The Charlotte News -- November 15, 1938

Fiftieth Anniversary Edition

These pieces are but a small sampling from The News special tabloid insert to this date's edition; we will later make an effort to provide more of it, containing both a history of the newspaper and Charlotte, the commercial center of North Carolina, and thus a major place of commerce within the South of its time.

We start with four pages: The front page and second page of the special section, with pictures of publisher W.C. Dowd and his father, and editor J.E. Dowd, Cash's immediate boss, and a brief history of the paper. (Unfortunately, we unintentionally divided the editor's photo in half, and we hope his ghost won't mind the slight for the time being until we might rectify it. You can put it together in your mind.)

Then Cameron "Orwell-Welles" Shipp takes us on a magnificent, and astonishingly accurate ride in his time machine to the year 1988. Unfortunately by then, the News would have expired by three years, the way of it for most afternoon dailies, after having been subsumed under the Observer in the mid-sixties. Otherwise, Shipp's view of Charlotte from 1938, with a BMW factory to be established in nearby Spartanburg, S.C. circa 1993, Douglas Airport to serve as an international hub also by the mid-nineties, and the tall spires and loop-de-loop freeways aplenty of modern day Charlotte in evidence, including an impressive pedestrian skyway or two, would, if not by 1988, shortly afterward begin to manifest itself just as he saw it. Did he not in fact predict the internet--sort of? What about the transmission globally of his 1938 article at the ignition of any computer connection in any home, office, or student's desk at a college or university?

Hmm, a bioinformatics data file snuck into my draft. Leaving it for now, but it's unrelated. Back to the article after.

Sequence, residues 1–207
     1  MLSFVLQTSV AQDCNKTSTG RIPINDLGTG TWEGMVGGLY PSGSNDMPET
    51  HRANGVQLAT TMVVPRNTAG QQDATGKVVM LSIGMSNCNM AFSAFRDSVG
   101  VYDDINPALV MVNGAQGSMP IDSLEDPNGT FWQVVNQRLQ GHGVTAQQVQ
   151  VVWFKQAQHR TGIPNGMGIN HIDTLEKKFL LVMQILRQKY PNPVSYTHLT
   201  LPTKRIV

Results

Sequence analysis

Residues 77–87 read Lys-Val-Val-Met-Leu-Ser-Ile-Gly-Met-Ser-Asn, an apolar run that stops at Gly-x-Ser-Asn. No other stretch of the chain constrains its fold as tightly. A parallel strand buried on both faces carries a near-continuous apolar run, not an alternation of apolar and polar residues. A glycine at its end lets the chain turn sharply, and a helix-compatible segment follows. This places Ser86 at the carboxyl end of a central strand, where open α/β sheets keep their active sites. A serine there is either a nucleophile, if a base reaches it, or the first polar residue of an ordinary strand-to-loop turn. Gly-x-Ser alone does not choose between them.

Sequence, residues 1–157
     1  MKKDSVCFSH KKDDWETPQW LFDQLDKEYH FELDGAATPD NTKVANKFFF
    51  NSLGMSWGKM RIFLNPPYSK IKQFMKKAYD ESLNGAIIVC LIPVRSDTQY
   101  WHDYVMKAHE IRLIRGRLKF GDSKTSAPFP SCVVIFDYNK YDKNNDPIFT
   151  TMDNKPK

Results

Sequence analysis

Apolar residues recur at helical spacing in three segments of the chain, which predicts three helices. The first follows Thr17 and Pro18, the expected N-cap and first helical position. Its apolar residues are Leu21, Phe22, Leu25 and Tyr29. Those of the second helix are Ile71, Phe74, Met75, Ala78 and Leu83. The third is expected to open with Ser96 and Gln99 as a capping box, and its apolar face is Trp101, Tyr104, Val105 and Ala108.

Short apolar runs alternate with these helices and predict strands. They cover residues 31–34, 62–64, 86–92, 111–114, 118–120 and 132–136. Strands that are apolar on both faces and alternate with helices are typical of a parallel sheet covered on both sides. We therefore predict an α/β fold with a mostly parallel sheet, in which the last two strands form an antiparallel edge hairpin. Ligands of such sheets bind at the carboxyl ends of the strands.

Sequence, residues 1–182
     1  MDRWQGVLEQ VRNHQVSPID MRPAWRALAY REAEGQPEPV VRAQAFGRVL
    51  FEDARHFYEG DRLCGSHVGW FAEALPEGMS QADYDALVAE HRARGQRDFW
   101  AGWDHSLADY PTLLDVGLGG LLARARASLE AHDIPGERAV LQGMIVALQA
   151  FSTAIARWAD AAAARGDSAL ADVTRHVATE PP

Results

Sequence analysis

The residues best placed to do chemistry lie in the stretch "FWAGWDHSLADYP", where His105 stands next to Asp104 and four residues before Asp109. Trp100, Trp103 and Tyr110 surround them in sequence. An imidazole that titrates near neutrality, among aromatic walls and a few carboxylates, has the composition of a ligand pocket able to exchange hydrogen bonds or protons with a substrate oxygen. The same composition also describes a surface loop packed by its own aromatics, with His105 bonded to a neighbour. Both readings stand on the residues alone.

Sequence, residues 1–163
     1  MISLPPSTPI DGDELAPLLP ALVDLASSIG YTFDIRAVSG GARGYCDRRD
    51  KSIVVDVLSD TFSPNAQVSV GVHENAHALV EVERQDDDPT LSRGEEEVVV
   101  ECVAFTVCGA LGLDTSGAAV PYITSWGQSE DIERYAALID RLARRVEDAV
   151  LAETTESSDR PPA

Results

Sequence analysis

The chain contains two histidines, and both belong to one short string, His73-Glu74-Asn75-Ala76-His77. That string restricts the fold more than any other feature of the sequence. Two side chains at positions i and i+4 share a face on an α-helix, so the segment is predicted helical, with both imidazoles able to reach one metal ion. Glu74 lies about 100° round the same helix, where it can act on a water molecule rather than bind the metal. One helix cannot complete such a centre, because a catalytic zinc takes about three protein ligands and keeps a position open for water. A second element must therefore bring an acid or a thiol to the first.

One area where he was woefully wrong was population increase, from the 100,000 mark reached in 1940. He was short by a couple of hundred per cent. In fact, by 1980, Charlotte would tip the scale at 315,000, 396,000 by 1990, 541,000 by 2000, and 633,000 today in 2005, with the metro area encompassing fully 1.5 million people.

Fourth, there is a piece by Cash, a nice journey through the previous fifty years in short.


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